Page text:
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the mako mind meld





Saint John, Jan 10  2005 - Mark Hemmings is a professional stills photographer and an emerging filmmaker. As a young professional who has traveled internationally, and personally benefited from the experience, he believes that broadening one's perspective on their place in the world is important and enlightening, helping them to grow on more than one level. 


With a desire to provide others with experiences similar to his own, he has embarked on a journey both personal and professional, bringing art to life for young, local men and women. Through a series of international travel experiences he calls the International Media Mentor Program, he is providing a unique opportunity for high school students to learn filmmaking and photography skills through practical experience in real-life, culturally distinct settings.  



"Traveling has certainly broadened my view of the world, and awakened an artistry in me that may otherwise have laid dormant had I not looked through the eyes of other cultures at my surroundings."             

Mark Hemmings



To date, the program and its sponsors have afforded three young men travel to Korea (Editor's Note: please scroll to the bottom of this page for the original story), where they spent time at the Dong-Ah Broadcasting College, learning the basics of camerawork, directing and editing. All three have continued with related studies, and are planning to establish careers in film-related endeavours. 




With the success of that first Korean trip still fresh, the program will send three new students to South Korea this August. Accomplished local filmmaker Greg Hemmings, Mark's brother, will accompany the three on their journey, providing a valuable mentoring opportunity. 



"I remember being in high school and trying to look ahead at what I wanted to do for a living, all the while thinking, this is not easy. I look back at that and know that I can play a role in helping young people with real talent find inspiration and outlets for that talent."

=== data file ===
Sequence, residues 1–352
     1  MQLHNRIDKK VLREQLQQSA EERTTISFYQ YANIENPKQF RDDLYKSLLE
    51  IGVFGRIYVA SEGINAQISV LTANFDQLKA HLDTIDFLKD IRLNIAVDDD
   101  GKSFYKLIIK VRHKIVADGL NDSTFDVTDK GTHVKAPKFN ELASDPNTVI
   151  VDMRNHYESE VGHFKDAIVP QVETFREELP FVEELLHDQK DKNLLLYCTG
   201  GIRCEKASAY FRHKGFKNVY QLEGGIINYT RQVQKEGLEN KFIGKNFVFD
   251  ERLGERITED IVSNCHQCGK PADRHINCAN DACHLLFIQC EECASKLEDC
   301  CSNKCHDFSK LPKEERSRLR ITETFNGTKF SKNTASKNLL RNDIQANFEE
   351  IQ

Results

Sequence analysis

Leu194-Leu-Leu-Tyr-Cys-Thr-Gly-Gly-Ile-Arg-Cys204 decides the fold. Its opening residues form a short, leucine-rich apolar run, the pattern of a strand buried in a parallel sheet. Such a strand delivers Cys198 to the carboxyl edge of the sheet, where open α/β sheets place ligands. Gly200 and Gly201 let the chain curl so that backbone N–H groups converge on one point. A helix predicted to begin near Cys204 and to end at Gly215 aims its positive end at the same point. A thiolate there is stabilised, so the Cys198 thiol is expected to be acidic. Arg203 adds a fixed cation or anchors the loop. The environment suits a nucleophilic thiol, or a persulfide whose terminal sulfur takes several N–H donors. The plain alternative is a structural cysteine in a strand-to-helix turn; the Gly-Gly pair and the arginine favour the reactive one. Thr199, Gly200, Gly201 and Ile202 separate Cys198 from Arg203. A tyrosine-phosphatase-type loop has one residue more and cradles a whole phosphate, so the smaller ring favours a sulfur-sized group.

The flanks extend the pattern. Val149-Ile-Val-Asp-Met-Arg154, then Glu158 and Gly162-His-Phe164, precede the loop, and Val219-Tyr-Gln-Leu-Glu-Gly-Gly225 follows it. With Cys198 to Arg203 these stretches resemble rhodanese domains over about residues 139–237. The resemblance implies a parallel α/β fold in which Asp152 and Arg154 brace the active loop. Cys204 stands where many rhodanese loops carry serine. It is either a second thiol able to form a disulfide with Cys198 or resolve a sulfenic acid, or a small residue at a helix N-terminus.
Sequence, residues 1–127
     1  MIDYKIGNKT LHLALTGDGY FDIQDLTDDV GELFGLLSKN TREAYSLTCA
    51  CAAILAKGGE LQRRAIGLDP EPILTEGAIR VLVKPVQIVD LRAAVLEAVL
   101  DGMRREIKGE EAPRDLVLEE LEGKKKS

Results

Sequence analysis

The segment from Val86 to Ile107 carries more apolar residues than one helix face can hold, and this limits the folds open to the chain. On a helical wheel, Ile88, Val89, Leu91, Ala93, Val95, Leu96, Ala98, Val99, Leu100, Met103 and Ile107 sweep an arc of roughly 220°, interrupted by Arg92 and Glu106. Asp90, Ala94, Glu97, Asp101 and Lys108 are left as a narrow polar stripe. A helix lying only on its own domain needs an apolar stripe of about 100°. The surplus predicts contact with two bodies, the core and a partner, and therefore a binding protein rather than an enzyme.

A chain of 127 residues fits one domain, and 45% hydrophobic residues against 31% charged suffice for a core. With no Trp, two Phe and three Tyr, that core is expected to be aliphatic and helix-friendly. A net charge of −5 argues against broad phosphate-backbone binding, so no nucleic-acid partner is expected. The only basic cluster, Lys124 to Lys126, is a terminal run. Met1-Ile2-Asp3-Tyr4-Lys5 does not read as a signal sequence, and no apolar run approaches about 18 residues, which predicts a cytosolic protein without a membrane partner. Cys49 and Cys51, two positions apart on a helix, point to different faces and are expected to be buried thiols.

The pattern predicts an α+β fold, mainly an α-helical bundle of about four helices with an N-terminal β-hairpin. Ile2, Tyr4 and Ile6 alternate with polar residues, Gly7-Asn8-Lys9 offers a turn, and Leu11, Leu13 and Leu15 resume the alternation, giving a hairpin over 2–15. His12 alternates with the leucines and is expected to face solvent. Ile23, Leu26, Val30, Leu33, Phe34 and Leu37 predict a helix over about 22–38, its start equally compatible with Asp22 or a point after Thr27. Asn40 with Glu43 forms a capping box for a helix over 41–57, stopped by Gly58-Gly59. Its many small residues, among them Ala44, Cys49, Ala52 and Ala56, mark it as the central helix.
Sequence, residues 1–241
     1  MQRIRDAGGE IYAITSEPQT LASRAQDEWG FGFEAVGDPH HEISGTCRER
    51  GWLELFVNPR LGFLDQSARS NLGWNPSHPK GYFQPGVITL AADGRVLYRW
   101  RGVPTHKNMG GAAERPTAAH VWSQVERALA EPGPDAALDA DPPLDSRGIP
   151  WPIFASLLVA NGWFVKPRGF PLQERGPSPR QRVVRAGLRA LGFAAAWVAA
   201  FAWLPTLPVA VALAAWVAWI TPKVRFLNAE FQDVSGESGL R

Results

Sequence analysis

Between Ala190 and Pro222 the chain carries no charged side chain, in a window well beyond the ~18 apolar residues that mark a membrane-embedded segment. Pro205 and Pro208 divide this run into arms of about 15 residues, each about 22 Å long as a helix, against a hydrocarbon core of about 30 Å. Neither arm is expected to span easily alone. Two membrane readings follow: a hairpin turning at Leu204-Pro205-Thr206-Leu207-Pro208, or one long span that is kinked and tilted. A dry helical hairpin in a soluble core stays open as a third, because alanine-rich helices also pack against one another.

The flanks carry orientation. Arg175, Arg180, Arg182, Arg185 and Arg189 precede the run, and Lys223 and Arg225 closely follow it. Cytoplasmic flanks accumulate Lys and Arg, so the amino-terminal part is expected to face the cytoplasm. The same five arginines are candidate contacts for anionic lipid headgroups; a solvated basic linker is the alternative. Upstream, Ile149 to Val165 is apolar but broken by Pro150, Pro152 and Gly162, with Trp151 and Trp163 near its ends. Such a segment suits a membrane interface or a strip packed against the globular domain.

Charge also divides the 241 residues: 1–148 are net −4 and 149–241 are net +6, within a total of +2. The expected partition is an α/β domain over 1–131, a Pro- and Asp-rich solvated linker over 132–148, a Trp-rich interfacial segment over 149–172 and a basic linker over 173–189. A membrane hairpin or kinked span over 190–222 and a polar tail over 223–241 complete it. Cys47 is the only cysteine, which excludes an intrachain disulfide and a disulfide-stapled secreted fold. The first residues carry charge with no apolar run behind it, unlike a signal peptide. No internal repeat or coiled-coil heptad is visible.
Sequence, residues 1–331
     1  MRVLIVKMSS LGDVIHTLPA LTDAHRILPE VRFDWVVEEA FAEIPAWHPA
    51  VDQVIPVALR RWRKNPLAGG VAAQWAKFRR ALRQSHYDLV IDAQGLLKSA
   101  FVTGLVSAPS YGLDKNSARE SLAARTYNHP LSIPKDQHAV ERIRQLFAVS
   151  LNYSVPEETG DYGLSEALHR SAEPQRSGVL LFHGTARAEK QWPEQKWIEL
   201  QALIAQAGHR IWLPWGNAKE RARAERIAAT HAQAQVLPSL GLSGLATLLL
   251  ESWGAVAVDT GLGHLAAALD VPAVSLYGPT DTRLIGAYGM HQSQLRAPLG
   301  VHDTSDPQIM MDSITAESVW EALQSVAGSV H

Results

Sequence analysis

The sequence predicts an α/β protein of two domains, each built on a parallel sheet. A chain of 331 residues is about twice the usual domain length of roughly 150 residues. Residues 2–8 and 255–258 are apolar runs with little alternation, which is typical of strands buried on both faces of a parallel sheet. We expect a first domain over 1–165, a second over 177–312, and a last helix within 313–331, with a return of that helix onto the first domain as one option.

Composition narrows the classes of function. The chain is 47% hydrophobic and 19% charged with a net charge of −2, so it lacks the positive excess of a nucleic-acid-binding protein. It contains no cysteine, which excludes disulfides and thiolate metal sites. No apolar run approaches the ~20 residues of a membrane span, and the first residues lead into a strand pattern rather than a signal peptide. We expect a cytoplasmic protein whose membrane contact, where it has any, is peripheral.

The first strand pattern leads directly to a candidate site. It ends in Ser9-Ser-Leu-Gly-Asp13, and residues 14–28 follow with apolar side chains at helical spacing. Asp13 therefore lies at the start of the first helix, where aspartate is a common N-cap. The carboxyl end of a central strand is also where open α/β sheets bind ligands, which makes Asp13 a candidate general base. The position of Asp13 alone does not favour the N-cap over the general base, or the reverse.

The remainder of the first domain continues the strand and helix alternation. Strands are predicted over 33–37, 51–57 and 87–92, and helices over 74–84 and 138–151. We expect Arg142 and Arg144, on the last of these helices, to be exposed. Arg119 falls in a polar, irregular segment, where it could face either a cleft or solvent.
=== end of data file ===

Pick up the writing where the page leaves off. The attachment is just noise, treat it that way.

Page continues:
Greg Hemmings



The Hemmings are a creative force to be reckoned with, and each is paving their road with thoughtful, quality-driven projects in their respective genres. And, with a wealth of talented young filmmakers in the Greater Saint John market, the brothers Hemmings have plenty of prospects for future cultural trips and for production crew.

This April, Mark will act as travel host and guide for three students as they participate in the annual Mako (pro: MACK-o) European Film Festival in Hungry. The festival incorporates a daytime, week-long youth training program with workshops for the students. In the evening, they attend the festival. Not only will they learn to make short films, they actually will produce the films, while soaking up the atmosphere of an international film festival.


Carly Higgins (photo), a 2004 graduate of Saint John High who experimented with stop/start animation, producing and directing her first film at the tender age of nine, will be traveling to Hungary with Hemmings and the other students. She is anxious to travel to a foreign country, and to flex her mental muscles in an artistic and focused environment. 


"There's nothing better than a really good movie," she asserts, "and, Mako is huge! I’m so excited! It's a cliche to say it's a great opportunity, but you know what? It really is."


Higgins will watch and learn while at Mako, having discovered her strengths and interests lie with directing and editing.


"Filmmaking is all I’ve ever done. Directing and coaxing people to do what you need to capture. Deciding angles and framing. And editing. I didn't realize how interesting that is!” 


While keeping an eye on his young charges, Hemmings will attend the premiere of his own 2-minute experimental short film at Mako. Titled GEIST, it is an extraordinary effort, capitalizing on his pure sense of subject and matter as a photographer. Using stop/start animation to bind together thousands of photographs, he tells a story of a soul captured at moment of death, through a stark, hauntingly beautiful and compelling video piece.  


Ironically, Geist, while about death, best illustrates what keeps the art of filmmaking alive and vital. Its simplicity is its strength. Absent of dialogue, it is still able to tell a story with purpose and clarity, evoking emotion along the way. Filmmaking in its purest form. A truly great example for Hemmings’ young charges to follow.  





High school students interested in participating in the

International Media Mentor Program

should contact Hemmings at info@markhemmings.com for more information.



Mark Hemmings' short film, Geist, which he has entered in the Mako Festival, may be seen by clicking here. 






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